With all this extra time close to home, it’s a great excuse to explore nearby nature. Strolling around the block, or even peeking at your potted plants outside, it’s hard not to notice how all this rain and sun is making plants burst in abundance this spring. Where blooms are, bees are quick to follow, right?
Actually, this may no longer be a rhetorical question. In recent years, people in different parts of the world have noticed a distinct lack of insects in places where they had been the norm.
In Germany, residents concerned with their surprisingly insect-free windshields, took up the charge and counted local insect populations. They documented a more than 75% decline from rates thirty years earlier. The recognized extirpation (local extinction) of Crotch Bumblebees, Bombus crotchii, in California’s Central Valley, has led to its petition to be included as an endangered species in California.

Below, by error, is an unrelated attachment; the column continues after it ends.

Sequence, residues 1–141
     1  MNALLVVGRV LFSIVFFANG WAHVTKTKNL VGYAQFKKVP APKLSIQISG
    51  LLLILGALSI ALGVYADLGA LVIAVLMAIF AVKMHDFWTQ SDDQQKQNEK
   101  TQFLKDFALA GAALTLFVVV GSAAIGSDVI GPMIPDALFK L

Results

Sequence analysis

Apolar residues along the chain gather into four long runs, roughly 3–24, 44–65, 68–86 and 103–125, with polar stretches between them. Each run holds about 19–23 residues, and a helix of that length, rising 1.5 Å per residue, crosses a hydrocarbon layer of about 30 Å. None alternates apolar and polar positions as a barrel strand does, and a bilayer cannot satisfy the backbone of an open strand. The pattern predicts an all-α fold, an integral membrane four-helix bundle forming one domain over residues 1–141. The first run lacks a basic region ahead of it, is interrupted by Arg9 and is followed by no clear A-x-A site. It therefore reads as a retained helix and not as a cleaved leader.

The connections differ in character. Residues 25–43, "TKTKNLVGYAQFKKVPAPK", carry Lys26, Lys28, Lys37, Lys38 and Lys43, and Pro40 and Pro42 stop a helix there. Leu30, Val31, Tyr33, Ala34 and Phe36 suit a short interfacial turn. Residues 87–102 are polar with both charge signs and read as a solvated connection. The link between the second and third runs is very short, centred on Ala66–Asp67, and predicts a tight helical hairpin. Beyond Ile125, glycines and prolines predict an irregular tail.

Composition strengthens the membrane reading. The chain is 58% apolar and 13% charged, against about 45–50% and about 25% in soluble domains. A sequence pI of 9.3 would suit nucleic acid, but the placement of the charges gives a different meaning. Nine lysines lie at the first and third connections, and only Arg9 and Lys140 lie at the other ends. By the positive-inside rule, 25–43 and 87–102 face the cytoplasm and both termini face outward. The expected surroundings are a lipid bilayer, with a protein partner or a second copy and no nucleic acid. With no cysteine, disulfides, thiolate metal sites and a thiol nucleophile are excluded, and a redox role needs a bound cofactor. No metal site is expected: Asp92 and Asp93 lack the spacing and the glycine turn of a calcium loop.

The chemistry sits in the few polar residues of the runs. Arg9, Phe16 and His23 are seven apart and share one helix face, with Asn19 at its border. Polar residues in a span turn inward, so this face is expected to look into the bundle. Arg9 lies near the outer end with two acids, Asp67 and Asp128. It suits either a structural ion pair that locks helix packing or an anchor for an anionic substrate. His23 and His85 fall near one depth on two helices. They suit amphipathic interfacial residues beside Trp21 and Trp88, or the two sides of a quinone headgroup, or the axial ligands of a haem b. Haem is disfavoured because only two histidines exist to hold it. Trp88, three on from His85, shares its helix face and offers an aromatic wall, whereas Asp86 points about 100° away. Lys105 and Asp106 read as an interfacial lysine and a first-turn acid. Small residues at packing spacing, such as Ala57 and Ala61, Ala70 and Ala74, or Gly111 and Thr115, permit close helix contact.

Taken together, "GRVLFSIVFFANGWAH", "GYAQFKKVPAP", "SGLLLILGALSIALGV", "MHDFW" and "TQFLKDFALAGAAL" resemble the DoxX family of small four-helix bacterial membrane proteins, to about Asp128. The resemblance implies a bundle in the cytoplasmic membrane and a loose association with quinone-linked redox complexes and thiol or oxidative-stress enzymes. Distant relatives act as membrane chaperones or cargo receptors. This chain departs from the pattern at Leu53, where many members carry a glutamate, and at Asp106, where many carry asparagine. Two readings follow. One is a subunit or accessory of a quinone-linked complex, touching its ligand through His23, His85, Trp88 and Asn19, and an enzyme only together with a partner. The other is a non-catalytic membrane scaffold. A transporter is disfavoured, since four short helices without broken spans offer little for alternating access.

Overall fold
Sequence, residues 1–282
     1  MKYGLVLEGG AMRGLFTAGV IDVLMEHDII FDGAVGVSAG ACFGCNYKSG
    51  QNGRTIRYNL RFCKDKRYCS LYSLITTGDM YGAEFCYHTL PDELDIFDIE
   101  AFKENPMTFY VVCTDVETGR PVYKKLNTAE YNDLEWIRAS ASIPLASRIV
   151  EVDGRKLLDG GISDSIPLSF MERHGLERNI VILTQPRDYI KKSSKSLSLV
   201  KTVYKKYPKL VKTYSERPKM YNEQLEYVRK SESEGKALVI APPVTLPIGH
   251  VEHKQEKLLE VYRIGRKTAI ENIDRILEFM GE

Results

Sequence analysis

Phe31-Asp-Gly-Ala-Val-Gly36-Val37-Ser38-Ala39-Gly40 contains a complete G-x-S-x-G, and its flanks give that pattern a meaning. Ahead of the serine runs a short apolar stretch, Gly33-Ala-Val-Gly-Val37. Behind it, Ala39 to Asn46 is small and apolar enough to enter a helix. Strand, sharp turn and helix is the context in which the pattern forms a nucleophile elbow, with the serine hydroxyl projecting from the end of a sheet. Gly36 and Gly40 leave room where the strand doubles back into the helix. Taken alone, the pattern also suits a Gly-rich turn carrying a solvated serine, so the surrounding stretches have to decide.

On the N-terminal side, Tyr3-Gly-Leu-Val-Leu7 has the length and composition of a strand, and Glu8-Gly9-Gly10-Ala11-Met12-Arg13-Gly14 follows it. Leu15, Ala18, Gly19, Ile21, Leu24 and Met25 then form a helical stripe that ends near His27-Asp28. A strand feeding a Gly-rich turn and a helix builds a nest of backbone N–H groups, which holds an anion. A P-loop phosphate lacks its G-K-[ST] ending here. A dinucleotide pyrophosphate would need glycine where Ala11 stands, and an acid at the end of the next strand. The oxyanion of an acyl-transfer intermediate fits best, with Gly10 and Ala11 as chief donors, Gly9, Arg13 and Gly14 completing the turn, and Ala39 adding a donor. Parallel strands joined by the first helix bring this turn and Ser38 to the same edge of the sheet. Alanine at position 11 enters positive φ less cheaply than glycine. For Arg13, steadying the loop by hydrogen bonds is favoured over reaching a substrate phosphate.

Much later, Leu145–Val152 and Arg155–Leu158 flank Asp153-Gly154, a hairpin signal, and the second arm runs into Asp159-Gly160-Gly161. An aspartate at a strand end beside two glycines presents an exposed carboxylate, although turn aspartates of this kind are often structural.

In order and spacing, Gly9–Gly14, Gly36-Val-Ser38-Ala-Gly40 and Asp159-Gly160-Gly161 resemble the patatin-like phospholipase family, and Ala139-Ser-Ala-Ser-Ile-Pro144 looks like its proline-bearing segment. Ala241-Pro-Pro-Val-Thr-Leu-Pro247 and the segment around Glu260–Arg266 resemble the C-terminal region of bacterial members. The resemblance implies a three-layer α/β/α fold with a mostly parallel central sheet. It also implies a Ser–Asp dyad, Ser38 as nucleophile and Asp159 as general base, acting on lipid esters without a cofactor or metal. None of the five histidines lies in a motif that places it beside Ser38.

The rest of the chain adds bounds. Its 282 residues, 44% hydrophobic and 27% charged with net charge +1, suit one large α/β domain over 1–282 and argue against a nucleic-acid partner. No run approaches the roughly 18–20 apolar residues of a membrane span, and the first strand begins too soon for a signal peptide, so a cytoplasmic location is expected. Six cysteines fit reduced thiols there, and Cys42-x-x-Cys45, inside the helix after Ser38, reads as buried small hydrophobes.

In San Diego County, folks have expressed concern over a lack of buzzing in the outdoor areas they frequent. Working at The Nat, it’s not uncommon to be asked: “Where are all the bumblebees?”
This is a great question, and we need more information before we can answer it.
We need your help documenting the five species of bumblebee regularly found in San Diego County: the Yellow-faced Bumblebee (Bombus vosnesenskii), Sonoran Bumblebee (Bombus sonorus), Black-tailed Bumblebee (Bombus melanopygus), California Bumblebee (Bombus californicus), and Crotch's Bumblebee (Bombus crotchii). We need to know where they are being spotted, and how many are being seen.
Here’s what you can do:
Help us find out what’s happening with these adorable, fuzzy insects.
Keep in mind the places you find them! City Nature Challenge 2020 takes place April 24-27, and is all about nearby nature.
Photos below are from the U.S. Geological Survey Bee Inventory Monitoring Lab.
Posted by The Nat.
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